Martin Luther King, Jr. was the face of the Civil Rights movement in the United States and this is why he is so rightly remembered. He was killed at the age of 39 because he was willing to stand up for the equal rights of his people. Rather than settle for a separate-but-equal compromise that was being pushed for at the time, MLK wanted true equality. It may have cost him his life, but his work has lived on for generations.
Although his life has been well documented over the years, there are some interesting facts about Martin Luther King, Jr. that you may not know.
1. Martin Wasn’t His Real Name
MLK was actually born with the name Michael. That was also his father’s name. In 1931, however, MLK’s father became the pastor of a baptist church in Atlanta and this caused him to adopt the name Martin Luther King. When MLK was 6 years old, his father officially changed his name on his birth certificate to reflect the change for his son as well. Would Michael King have been able to create the same lasting change? No one will ever now.
What we do know is that young MLK loved to sing in his father’s church. In a very pointing moment, he sang in the church choir during the gala premiere of Gone With the Wind in Atlanta. With his life, he constantly proved that he really did “give a damn.”
2. He Had an Old Man’s Heart
There is no doubt that MLK was under a lot of stress in life. People were threatening his family, sometimes on a daily basis. Being the face of social change meant that there were long hours that needed to be worked, new ideas that needed to be introduced to people every day, and repetitive challenges that didn’t allow for much coping. In some ways, it is pretty amazing that MLK could do as much as he did.
When the autopsy was performed on King after the successful assassination, the doctors noticed something unique about his heart. Although MLK was just 39, the heart looked like it belonged to a 60 year old man. Another contributor was his regular smoking habit. King smoked regularly, although he kept it under wraps because he didn’t want others to see him as a role model who used cigarettes.
3. He Was a Genius
MLK entered college at the age of 15. That’s because he was able to skip his freshman and senior year of high school because of his intelligence. This gave him a leg up on the advanced schooling that he eventually received, gaining a bachelor’s in theology and a second in sociology. In 1955, he was awarded a doctorate from Boston University. He wasn’t even 30 yet at the time. By the age of 39, he’d already had more life experience and education than most people who were in their 50’s.
4. There Are 900 Streets Named After Him
In the United States, there are 40 states that have at least one street named after MLK. Around the world, there are more than 900 streets named after him as well. For a man who had to spend his wedding night in a Blacks only funeral home because the local White hotel rejected him and his money, that’s a pretty lasting legacy.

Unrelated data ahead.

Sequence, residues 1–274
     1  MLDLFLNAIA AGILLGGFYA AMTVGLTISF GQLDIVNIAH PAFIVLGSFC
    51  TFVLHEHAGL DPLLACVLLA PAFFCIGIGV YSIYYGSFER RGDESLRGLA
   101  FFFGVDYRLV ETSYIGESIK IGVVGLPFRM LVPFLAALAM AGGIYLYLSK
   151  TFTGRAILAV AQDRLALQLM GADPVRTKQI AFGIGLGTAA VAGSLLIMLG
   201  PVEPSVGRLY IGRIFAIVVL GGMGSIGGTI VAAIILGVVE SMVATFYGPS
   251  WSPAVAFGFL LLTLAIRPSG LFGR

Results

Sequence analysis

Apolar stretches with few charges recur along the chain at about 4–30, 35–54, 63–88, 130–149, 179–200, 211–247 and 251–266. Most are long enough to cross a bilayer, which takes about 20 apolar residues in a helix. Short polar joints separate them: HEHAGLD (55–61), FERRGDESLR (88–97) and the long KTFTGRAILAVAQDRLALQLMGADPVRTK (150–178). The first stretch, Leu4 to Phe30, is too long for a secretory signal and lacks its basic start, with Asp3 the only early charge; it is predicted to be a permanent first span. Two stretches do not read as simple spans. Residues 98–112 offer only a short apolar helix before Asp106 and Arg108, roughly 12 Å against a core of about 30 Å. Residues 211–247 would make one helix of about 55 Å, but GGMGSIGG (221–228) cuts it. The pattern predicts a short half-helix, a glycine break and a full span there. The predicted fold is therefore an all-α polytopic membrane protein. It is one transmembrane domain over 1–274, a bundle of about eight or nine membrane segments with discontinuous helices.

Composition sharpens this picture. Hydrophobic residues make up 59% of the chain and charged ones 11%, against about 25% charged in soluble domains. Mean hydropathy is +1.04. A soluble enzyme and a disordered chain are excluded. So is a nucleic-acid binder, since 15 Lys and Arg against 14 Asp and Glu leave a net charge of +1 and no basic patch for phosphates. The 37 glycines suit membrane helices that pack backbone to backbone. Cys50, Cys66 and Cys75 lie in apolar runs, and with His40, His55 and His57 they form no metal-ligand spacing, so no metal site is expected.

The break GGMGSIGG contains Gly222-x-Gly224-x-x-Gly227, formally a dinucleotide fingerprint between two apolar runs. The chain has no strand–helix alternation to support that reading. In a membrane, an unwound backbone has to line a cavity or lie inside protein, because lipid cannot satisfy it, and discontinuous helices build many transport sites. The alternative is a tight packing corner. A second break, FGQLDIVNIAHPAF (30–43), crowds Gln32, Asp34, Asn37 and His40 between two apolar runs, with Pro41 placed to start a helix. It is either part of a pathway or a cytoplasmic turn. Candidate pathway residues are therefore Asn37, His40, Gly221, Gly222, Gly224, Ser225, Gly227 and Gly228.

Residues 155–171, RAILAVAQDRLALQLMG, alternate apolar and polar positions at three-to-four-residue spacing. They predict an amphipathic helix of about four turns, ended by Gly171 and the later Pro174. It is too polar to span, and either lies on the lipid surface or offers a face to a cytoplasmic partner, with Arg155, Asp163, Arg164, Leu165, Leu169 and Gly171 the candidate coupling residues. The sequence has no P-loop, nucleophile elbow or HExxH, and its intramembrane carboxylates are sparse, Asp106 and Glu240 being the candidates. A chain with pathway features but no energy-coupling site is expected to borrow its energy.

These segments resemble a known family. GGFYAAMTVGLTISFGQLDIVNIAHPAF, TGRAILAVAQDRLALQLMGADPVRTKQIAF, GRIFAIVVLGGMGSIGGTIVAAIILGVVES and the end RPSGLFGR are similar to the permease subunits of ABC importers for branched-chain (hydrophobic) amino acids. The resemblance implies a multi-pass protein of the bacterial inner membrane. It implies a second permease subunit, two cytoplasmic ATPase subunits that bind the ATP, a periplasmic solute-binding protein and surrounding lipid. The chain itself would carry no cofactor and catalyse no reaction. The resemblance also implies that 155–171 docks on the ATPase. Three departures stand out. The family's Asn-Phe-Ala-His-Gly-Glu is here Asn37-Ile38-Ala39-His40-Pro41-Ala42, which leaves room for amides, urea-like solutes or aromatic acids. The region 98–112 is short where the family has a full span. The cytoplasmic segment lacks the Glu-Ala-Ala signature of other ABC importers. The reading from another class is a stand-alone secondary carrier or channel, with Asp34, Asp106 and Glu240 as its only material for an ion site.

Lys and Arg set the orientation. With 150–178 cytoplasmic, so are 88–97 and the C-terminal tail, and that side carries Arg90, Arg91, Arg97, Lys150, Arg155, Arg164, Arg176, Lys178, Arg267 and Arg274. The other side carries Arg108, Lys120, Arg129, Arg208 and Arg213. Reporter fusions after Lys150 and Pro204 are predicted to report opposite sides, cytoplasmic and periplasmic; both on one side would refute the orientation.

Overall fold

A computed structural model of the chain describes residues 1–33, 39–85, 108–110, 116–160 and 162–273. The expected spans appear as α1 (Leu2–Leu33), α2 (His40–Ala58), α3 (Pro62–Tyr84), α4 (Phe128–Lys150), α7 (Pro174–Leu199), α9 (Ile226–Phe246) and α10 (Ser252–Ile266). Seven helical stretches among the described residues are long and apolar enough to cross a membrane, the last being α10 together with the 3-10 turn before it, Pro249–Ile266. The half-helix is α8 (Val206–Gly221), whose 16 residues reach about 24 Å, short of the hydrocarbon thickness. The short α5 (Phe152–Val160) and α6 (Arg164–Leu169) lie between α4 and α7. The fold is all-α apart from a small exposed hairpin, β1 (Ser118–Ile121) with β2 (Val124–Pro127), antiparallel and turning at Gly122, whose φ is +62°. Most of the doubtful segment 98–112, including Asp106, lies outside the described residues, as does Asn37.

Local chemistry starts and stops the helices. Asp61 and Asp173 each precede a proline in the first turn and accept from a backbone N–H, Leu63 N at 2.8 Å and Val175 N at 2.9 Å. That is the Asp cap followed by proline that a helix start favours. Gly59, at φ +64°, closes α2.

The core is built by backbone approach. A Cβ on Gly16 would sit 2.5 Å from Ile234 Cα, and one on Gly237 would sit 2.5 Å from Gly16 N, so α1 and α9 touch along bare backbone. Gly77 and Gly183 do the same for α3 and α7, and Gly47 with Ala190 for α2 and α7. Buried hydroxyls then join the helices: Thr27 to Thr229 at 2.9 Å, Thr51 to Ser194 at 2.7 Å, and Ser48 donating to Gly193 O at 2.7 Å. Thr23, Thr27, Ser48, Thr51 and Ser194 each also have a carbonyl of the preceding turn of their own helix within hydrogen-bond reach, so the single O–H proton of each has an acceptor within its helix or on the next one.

So are the 2,500 speeches that he ended up giving over the course of 11 years when he traveled the country and the world to advocate for equal rights. In total, King journeyed more than 6 million miles and reached countless more millions through his 5 books and the numerous magazine and newspaper articles that he wrote.
5. Who Topped MLK in the 20th Century?
According to a Gallup Poll that was conducted in 1999, the only person that received more admiration than MLK for a job well done was Mother Teresa. When he was 35, King became the recipient of the Nobel Peace Prize, which at the time made him the youngest person to ever receive it. So great was his influence, in fact, that King became one of the 10 martyrs of the world during the 20th century that are depicted in life-sized statues at London’s Westminster Abbey.
King donated all of the money from winning the Nobel Peace Prize, about $400k in today’s funds, to the Civil Rights movement.
6. He Got a “C” Grade In Public Speaking
King’s “I Have a Dream” speech might be one of the most memorable speeches of the last 100 years. He was often known and remembered as being a gifted public speaker, but what isn’t often known is that he got a C in public speaking during his first year while studying theology. No one knows why he was given this grade and eventually King became the student body president and the valedictorian of his class, so no harm, no foul.
7. He Convinced Uhura To Stay
Nichelle Nichols wanted to get out of Star Trek after the first season of the show. She didn’t have a very large role and wanted to pursue other things. MLK talked to her about staying with the show because she was a black woman who was seen as an equal on television during a time when they were all fighting for equality. She was seen as intelligent and an important member of the cast.
Just ask Whoopi Goldberg about how much this affected her life. She saw a woman on TV that looked like her and wasn’t a maid. It inspired her to get into the entertainment business and Goldberg loved Star Trek so much that when the next series came around in the late 80’s and early 90’s, she pushed to get a role on the show because she loved it so much. The second African American in space, Ronald McNair, is also on record saying that the character of Uhura inspired him as well.